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Scenario

Suppose there exists an advanced technology that can hypothetically transport living humans to study the center of the Earth, as they goes deeper underground most of the Earth's mass would be above them and thus the gravity will seems lighter.

Question

Q1. I do not know if Newton's laws of gravity can be applied when a small mass is inside a big mass, any solution?

Q2. According to general relativity the effect of time dilation is more prominence as gravity increases, in this scenario how will the adventurer age?

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Firstly, the gravitational field inside the Earth, decreases with depth.

To a first approximation, you can use the shell theorem for spherically symmetric mass distributions to argue that the gravitational field at some depth is due only to the mass enclosed within a sphere interior to that depth. If we further make the crude assumption that the Earth's density is constant, we get a simple result: $$ g(r) = \frac{4\pi r^3 \rho G}{3r^2} = g_0\left(\frac{r}{R}\right),$$ where $\rho$ is the density, $r$ is the distance from the Earth's centre, $R$ is the radius of the Earth and $g_0$ is the surface gravity.

Although this is a crude approximation it correctly predicts that gravity eventually gets weaker towards the centre and is roughly zero at the centre. (Edit: Note that a more accurate density profile has the gravity fairly constant until you reach the core at a radius of 3500km, follows by a pseudo-linear decrease to zero at the centre).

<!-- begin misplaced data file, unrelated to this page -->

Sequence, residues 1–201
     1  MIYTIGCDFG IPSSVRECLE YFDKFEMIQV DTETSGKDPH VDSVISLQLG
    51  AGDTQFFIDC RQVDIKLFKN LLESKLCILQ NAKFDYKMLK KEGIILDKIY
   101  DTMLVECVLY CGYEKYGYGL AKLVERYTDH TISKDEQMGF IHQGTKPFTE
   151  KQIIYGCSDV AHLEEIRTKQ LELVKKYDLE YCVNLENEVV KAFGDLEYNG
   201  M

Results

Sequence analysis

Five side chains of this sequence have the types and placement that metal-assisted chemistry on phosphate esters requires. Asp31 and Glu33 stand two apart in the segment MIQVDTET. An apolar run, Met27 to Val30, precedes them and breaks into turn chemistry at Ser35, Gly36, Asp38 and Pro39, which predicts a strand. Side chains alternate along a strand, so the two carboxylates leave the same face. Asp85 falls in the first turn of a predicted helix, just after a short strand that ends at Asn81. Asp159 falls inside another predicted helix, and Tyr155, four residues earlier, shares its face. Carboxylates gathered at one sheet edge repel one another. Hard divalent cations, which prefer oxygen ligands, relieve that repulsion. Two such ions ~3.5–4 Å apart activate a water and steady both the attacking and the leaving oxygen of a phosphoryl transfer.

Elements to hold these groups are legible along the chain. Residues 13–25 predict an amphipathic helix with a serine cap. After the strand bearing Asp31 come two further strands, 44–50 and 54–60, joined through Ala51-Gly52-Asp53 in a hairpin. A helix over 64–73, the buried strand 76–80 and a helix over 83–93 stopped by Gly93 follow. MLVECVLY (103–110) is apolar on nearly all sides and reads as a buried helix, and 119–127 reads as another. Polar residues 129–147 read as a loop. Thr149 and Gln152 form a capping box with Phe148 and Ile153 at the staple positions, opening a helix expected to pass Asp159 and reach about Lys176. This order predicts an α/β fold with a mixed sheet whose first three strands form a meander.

Secondly, even though the field gets weaker, the gravitational potential is still getting deeper. Gravitational time dilation works as follows. A clock in a stronger (more negative) gravitational potential will be observed to run slower by an observer further out of the potential well, and vice versa. In this case, the observer near the core is deeper in the potential. If someone travels to the core and then comes back, their clock will have run slower compared to one at the surface.

The size of the effect is tiny for the Earth's potential well (roughly 350 pico-seconds lost per second spent at the core) but the effect is similar in size to that which is corrected for in the atomic clocks used by GPS satellites in orbit around the Earth, which are in a region of lower (less negative) potential than a clock at the surface.

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Q1. In the case of a uniform spherical distribution you cannot sense anything further away from the center than you are. This is directly derived from Gauss' law for gravity. At the center you do not feel any net gravitational force from earth at all. Think about it this way: earth is pulling you up from all directions exactly the same way, so all the forces cancel out.

Q2. Earth's gravitational field is nowhere near a blackhole so the time dilution effect is very small. You can make very precise device to measure the effect, but a human being will not be able to notice any significant difference.

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